The old problem if you do all development on a single stream, yet want
to release using mix-n-match from historical versions. I can safely say,
you're not using your SCM in any best practise mode.
What I can say, if you want to continue using it like you do is to
Make a tag branch from revision 1200 (the oldest file rev you want in
your release), then merge all other files from 1200 to their desired
revision. This way, you have a baseline at 1200, and you bring each
other file up to the revision you want to release them. An alternative
to this would be to simply copy each file revision to the tag directory
So if you want file.a_at_1200 , and file.b_at_1250, and file.c_at_1500 you can.
Furthermore, you can then make additional changes to those files in
their branch to make them work together (as I wouldn't have thought
taking such an old file and using it with new files will work without
The alternative is to use externals. Create a release directory and set
the externals properties to extract each file from their original
location using the desired revision number. This has the disadvantage
that you cannot then easily modify them - you're picking out revisions
from your historical record. If you do want to make modification, you
will have to branch the file at the old revision, make the change to
that, and then use that in the externals directory.
Most people however, use branches to release, either performing all dev
work on trunk and then branching at release time, or performing all work
on development branches and merging the changes onto the trunk to
release. (and sometimes both, dev work on branches, merge to trunk, then
branch off trunk to create a release).
From: Stephen Connolly [mailto:stephen.alan.connolly_at_gmail.com]
Sent: Monday, September 21, 2009 10:39 AM
Subject: Re: help with a specific revision / patch for release.
2009/9/21 Gavin Baumanis <gavinb_at_thespidernet.com>
This is one of those silly questions... you know the kind... where you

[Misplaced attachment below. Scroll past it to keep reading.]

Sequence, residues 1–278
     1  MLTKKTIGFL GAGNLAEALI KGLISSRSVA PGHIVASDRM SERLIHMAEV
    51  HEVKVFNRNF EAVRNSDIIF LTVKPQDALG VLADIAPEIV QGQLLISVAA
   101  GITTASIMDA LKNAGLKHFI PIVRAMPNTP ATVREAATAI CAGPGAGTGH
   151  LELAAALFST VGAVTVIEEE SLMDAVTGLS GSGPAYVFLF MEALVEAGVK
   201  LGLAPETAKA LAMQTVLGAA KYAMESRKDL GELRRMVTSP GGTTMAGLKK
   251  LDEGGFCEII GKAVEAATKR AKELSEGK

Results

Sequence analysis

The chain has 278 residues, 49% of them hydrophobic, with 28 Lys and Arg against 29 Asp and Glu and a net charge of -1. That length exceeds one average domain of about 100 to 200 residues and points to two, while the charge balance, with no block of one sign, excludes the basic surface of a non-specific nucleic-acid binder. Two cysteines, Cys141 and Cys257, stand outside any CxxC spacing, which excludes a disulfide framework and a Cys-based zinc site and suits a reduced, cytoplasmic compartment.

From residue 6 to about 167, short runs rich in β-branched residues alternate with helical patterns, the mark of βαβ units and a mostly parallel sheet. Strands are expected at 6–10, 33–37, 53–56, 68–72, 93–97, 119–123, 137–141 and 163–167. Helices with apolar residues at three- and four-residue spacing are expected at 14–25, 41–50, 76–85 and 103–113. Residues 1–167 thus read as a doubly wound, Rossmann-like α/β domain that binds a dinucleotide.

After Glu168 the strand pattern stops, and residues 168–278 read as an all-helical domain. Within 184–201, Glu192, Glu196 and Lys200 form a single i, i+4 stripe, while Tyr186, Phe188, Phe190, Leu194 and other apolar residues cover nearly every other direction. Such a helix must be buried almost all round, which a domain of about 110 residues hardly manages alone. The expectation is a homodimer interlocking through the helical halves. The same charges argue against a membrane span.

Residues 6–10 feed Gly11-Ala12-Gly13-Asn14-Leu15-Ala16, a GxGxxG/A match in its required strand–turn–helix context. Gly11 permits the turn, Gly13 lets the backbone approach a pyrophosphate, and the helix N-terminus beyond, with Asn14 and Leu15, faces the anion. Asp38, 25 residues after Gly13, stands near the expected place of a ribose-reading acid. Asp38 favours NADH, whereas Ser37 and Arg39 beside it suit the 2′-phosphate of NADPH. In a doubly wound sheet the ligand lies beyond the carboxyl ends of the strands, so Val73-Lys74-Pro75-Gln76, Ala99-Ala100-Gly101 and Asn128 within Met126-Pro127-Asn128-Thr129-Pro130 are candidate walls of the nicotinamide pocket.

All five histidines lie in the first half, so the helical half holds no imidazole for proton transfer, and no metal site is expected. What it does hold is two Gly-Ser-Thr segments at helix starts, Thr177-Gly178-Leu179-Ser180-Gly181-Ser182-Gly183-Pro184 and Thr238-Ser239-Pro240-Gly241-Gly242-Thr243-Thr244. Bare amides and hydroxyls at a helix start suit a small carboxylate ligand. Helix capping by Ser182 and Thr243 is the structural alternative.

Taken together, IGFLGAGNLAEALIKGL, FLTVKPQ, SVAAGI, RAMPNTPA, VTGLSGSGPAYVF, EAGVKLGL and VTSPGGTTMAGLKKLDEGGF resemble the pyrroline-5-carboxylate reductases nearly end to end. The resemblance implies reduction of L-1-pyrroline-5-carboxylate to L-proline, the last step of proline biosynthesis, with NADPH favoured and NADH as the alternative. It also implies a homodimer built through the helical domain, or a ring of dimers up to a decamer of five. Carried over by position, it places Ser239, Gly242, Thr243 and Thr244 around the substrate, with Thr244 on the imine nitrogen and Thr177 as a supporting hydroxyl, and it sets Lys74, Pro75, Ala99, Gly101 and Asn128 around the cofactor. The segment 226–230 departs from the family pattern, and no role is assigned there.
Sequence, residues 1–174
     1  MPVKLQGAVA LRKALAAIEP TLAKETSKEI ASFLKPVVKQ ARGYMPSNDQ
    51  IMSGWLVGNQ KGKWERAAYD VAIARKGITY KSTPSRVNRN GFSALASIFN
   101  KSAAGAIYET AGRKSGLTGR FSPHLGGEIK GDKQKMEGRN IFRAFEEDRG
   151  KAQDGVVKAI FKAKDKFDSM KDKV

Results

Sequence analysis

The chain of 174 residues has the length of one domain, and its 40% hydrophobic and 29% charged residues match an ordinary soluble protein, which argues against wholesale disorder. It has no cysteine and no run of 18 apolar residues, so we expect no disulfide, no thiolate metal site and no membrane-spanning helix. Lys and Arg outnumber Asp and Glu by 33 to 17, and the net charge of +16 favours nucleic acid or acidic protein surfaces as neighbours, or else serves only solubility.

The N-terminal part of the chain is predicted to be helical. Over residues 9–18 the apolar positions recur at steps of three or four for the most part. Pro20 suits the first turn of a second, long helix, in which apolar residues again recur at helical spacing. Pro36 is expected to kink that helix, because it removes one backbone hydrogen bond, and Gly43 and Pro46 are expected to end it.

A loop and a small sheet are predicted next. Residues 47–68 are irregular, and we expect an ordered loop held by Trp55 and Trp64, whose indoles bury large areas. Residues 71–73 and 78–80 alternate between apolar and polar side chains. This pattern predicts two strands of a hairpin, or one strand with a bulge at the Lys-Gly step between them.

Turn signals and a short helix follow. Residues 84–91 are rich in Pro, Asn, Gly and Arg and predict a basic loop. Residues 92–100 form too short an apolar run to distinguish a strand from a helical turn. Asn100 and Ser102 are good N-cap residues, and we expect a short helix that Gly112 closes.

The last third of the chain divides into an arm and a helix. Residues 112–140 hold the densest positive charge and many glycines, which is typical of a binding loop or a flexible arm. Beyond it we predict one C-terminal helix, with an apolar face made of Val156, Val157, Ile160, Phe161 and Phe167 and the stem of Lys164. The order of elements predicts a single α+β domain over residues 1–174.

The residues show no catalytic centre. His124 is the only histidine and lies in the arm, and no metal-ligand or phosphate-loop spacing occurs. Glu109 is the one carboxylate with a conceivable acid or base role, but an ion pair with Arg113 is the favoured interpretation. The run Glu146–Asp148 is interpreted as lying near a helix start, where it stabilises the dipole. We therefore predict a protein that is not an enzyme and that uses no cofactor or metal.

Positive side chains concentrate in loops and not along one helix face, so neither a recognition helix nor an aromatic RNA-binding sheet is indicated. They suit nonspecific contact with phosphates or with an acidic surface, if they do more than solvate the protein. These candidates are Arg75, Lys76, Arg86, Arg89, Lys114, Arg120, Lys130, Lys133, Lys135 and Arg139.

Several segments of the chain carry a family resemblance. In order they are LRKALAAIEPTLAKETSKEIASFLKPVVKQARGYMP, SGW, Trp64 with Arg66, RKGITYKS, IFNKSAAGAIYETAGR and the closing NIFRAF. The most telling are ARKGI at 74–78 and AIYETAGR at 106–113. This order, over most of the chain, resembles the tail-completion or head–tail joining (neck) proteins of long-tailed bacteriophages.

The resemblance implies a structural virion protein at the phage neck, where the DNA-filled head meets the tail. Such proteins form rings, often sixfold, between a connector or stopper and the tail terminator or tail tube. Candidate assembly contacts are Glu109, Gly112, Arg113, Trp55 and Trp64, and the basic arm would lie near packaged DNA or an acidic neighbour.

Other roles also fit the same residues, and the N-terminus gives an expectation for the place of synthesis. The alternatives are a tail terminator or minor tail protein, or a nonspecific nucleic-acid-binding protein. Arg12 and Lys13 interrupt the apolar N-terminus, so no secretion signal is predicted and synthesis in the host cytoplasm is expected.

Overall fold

probably should just know the answer - but don't.
So in the vain of; "There is no such thing as a silly question" here
I have a file;
It is currently undergoing significant development.
One of those developments has been approved for release.
Normally, we only do a small change or so per file and then create a
new tag for release from HEAD.
The sticking point for me is;
The change that is approved - is at r1200. The repo currently sits at
r1500 - with a significant number of changes made to File.a in between
1200 and HEAD.
(Which is the bit that is odd for me - in that I have never dealt with
that scenario before.)
I could make a release tag_at_1200
But then that locks all files to be of no greater a revision that 1200.
I suppose I could simply do a diff of 1200:1199 for /trunk/File.a and
obtain a unidiff.
Make a copy of the current release tag. - Which is another problem -
because we actually don't have a tag per release we just have a
forever ongoing branch that we use for production uploads.
And apply the new patch - then commit the new release tag?
Which seems reasonable enough to me... - but that isn't necessarily
saying a lot!
And while I realise there could be any number of ways to deal with the
scenario... is there a generally accepted one? - Along the lines of -
just about everyone uses trunk / branches and tags a being the
"accepted" general layout for a repository?
I'd rather not get into a bad habit - if there was indeed a "better"
way to do it.
As always - Thanks for all your help.
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why not just go with a mixed revision working copy of trunk
svn co svn://___/trunk
svn update -r 1200 somefile.ext
and then create the tag from your working copy
svn cp . svn://___/tags/foobar-1.0 -m "release of foobar-1.0 with
approved changes to somefile.ext"
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Received on 2009-09-21 12:29:56 CEST